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Study: During Initial EHR Implementation, Documentation in Paper Records More Accurate Than EHRs

July 8, 2016
by Heather Landi
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Physicians document progress notes more accurately in paper charts than in electronic health records (EHRs), according to one study published in the Journal of the American Medical Informatics Association. However, physicians are more likely to omit information in paper progress notes compared to progress notes documented in the EHRs, the study found.

Researchers at Beaumont Hospital-Royal Oak in Michigan retrospectively reviewed 500 progress notes from patients with five specific diagnoses admitted to the hospital between August 2011 and July 2013. The paper chart arm consisted of progress notes completed prior to the transition to an EHR on July 1, 2012. The remaining charts were placed in the EHR arm.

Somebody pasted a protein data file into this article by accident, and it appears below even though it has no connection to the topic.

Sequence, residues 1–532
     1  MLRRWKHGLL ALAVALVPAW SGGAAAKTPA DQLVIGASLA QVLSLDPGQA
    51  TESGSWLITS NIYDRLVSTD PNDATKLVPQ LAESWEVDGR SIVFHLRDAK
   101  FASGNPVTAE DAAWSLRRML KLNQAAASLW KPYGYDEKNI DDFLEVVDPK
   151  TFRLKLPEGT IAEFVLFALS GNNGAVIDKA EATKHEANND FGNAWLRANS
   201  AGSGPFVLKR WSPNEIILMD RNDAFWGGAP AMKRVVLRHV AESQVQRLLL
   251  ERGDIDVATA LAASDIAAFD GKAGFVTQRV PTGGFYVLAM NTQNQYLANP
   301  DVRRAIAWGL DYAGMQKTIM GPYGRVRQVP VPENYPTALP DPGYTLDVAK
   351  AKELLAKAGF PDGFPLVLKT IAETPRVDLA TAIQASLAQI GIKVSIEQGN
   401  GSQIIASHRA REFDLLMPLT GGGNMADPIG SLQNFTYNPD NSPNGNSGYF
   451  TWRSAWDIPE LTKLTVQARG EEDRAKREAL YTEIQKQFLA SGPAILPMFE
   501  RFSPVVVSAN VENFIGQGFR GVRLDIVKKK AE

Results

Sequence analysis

According to the study, the primary endpoints were accuracy, inaccuracy, and omission of information. Secondary endpoints were time of initiation of progress note, word count, number of systems documented, and accuracy based on level of training.

The researchers were looking to address concerns about the quality of documentation in EHRs when compared to paper charts.

The study findings indicated that the rate of inaccurate documentation was significantly higher in the EHRs compared to the paper charts, 24 percent versus 4 percent, respectively. However, the study also found that documentation in EHRs is more thorough, with expected physical examination findings more likely to be omitted in the paper notes, at 41 percent, compared to EHRs, at 17 percent.

The study findings also concluded that resident physicians had a smaller number of inaccuracies (5 percent versus 17 percent) and omissions (16 percent vs 33 percent) compared to attending physicians.

The researchers concluded, according to the study abstract, that during the initial phase of implementation of an EHR, inaccuracies were more common in progress notes in the EHR compared to the paper charts. “Further research is needed to identify training methods and incentives that can reduce inaccuracies in EHRs during initial implementation,” the study authors wrote.

 

 

 

 

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